Based on a chance encounter in 2012, Johnson and Brass struck up a friendship over their common interests in music and all things automotive. Over dinner, they shared various stories about each other’s interests and it came up that Brass’ dad owned a truck similar to the one Johnson drove from his home in Montgomery, Alabama to Nashville, Tennessee when he was trying to break into music.
Not long after, she received a text from Johnson asking if she’d restore his Jeep. Having seen and heard about her efforts on another restoration project she’d completed (a 1972 Dodge Charger), Johnson had the Jeep transported to eastern, Pennsylvania in July of 2013.
Less than one year later, the resto project was complete and on June 25, 2014, she presented him with his Jeep. From start to finish, a lot of things happened and aside from paint and most body work, Brass was hands on with her dad and uncle the entire way. Tasks included the removal of diamond plating that used to cover up a previous attempt at body work, removal of thick Alabama clay, removal of the AMC 360 which powered the Jeep and an overhaul of the drive train. The engine was stripped down to a bare block and bored .30 over. All of the lights and gauges were rewired and the Jeep received aesthetic upfits like a functioning drop tail gate, body colored dash accents and custom Renegade graphics. There is also a United States Marine Corps decal across the top of the front window, a nod to Johnson’s time in the service.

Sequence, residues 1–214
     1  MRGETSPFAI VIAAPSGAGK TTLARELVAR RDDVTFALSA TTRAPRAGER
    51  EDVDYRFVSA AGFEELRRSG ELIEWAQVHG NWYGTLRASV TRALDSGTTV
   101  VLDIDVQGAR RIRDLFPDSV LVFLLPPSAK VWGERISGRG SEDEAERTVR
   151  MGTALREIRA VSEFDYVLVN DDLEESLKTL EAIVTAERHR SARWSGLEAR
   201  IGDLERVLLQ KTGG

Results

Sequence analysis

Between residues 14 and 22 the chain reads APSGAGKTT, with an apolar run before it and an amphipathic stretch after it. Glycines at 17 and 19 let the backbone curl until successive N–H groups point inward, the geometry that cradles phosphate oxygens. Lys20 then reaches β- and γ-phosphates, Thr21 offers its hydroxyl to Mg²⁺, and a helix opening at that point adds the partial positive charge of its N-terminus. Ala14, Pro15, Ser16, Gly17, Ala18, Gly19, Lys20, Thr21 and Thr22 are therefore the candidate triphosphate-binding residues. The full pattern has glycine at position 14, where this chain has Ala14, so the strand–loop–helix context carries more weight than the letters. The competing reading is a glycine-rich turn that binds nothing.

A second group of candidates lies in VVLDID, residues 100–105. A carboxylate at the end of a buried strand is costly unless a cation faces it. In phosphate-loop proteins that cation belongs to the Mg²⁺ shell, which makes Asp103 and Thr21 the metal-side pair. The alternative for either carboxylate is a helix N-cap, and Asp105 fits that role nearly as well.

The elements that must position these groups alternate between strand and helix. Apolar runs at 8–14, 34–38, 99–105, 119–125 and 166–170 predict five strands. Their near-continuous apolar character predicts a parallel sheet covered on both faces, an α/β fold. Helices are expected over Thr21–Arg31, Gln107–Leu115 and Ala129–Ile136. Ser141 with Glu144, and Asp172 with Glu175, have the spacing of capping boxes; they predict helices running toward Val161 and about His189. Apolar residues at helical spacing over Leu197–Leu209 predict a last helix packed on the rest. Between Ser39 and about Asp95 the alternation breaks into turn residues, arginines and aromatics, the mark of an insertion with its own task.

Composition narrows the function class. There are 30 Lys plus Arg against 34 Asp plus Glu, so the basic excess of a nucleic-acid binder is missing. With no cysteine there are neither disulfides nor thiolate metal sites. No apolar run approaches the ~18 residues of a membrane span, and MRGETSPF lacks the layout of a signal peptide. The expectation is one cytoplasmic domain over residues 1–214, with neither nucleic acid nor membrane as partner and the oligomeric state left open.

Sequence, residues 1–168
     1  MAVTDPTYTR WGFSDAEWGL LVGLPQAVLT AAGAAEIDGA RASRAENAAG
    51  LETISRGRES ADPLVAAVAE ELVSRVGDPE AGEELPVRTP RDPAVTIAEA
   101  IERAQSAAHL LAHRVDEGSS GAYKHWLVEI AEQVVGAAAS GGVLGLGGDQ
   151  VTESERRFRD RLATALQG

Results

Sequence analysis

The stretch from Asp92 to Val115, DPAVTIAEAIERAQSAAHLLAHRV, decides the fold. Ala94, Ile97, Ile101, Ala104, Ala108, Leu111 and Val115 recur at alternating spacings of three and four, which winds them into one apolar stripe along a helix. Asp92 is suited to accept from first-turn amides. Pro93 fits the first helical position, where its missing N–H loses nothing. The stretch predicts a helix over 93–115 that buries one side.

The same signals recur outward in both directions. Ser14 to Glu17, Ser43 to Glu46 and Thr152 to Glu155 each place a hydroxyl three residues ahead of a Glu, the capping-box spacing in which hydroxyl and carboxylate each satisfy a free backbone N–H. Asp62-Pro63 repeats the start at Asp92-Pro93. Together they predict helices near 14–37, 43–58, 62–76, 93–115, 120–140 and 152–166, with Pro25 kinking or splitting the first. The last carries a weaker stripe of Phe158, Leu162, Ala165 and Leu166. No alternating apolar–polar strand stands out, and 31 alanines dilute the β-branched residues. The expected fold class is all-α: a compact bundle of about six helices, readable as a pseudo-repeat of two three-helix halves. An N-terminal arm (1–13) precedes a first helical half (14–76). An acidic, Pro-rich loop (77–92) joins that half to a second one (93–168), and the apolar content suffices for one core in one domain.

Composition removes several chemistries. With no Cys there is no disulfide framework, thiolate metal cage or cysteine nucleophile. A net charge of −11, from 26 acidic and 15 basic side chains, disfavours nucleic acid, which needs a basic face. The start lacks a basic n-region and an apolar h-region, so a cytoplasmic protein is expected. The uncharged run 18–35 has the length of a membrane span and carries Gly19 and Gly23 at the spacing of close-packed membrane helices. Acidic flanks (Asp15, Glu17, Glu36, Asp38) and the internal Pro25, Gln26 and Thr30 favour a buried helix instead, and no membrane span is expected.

“I had never restored a vehicle for anyone but myself,” Brass explained. “I wanted him to love it as much as I had during the short time I had it. To see him smile when he saw it for the first time - that was worth every dip that this Jeep-powered roller coaster ride had taken me on.”
All told, 11 months worth of work helped further solidify a unique friendship, helped strengthen an emotional bond Brass has with her late mother and has better positioned her as a future player in the automotive hobby. Miss Mopar isn’t your run-of-the-mill female enthusiast either and by Johnson having faith in her abilities, he proved to everyone that you can’t judge book by its color and that some things are best seen in color!
“When I sent this Jeep to her, I didn’t even like it that much,” noted Johnson. “Now, I am just tickled to drive it. She did a great job and I love it.”
In addition to this Jeep and display, there are copious kids activities, monster trucks, big rigs, wildlife shows and of course trucks – lots of them! Complete details can be found at www.CarlisleEvents.com, including ticket information and registration links.